Users can already access small area census information easily and quickly on the web site in a variety of forms, including through interactive maps, and manipulate the figures online to show desired results. Tables or graphs can be produced online with a few clicks of a mouse.

    By the time of the final main release of 2006 Census data in mid-2007, the site will feature a new ‘table builder’ which will enable users to create their own tables in a variety of forms using multiple variables.


    The success of the first eCensus application has ensured that this option will continue to be available in future censuses. No doubt a greater proportion of households will opt to use the eCensus as the application is further refined and public familiarity with the Internet further expands.

    Improved processing and coding techniques offer the real possibility of expanding the actual content of the census. The two main barriers to expansion have been ‘respondent load’ (the magnitude of the householder’s task in completing the census form) and processing cost. New solutions are already reducing the cost of processing. The ABS is already considering possible options for the future. One of these options might be for broadening the content of the census without increasing the load on the householder is to conduct a '50/50' sample-census. This might involve, for example, half the households in Australia providing information on social questions, such as family details, background and education, and the other half responding to economic questions such as income and employment. Statisticians believe such a census would produce a great deal more information at the same cost, while retaining the advantages of the single-form census: quality small area statistics and a very large sample of population. Relieved of the burden of asking every householder for the same demographic and economic information, the census could expand into new areas such as the interactions of families across households - for example, where one family provides support for aged parents living independently - or providing data about people with multiple jobs.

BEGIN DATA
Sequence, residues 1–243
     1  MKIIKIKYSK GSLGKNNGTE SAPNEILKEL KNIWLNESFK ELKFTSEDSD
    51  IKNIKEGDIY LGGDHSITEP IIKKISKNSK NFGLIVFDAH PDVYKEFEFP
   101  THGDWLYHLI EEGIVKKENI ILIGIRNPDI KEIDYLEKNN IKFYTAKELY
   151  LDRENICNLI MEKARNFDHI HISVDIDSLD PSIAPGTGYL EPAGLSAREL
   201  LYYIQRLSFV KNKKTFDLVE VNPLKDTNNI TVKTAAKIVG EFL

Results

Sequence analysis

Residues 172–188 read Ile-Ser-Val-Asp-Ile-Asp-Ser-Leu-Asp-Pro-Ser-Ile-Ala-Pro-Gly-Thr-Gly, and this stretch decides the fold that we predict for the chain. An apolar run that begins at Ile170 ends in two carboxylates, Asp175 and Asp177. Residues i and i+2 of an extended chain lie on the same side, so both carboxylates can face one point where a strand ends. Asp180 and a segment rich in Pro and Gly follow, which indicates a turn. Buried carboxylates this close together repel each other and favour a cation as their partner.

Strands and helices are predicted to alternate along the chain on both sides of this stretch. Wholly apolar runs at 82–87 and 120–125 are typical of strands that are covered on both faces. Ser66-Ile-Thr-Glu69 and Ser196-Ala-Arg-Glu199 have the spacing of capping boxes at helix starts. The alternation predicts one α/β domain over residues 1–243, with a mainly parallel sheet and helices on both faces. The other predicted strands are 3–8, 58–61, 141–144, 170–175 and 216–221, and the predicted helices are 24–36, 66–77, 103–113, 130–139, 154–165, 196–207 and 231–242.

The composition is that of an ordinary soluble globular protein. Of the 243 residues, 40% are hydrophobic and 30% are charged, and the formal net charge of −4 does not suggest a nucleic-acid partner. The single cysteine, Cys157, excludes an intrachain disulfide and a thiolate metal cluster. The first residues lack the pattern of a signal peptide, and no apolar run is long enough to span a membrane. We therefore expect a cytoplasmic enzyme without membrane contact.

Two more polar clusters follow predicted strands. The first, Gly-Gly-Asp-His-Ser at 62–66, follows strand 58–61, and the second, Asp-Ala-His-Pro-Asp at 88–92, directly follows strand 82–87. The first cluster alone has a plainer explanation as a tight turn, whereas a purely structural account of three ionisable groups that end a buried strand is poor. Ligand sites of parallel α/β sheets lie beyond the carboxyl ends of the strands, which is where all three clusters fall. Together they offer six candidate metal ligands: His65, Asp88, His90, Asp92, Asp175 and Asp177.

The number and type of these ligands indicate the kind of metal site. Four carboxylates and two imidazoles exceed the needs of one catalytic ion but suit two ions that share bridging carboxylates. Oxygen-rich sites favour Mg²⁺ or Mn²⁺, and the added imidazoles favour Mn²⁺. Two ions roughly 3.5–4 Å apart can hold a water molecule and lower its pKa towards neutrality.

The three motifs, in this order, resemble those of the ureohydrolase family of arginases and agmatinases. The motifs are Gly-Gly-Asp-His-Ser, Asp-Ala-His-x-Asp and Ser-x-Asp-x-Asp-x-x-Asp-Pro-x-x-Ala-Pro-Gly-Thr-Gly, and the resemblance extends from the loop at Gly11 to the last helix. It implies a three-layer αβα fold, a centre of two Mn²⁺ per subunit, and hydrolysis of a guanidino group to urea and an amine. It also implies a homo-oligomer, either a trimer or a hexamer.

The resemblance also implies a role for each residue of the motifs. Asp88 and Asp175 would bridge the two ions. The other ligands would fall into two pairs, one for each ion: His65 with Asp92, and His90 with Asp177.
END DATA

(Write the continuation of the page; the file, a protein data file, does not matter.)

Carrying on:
However, the ABS believes the one-night ‘snapshot’ or ‘as enumerated’ census is here to stay. Where other countries have moved to a census taken over longer periods of time, or ‘place of usual residence’ counts, the Bureau believes such censuses cost more to run and have resulted in little or no improvement in the quality of the data. The snapshot technique is seen as simpler for respondents to understand while avoiding errors brought about by different conceptions of a ‘normal’ or ‘usual’ place of residence.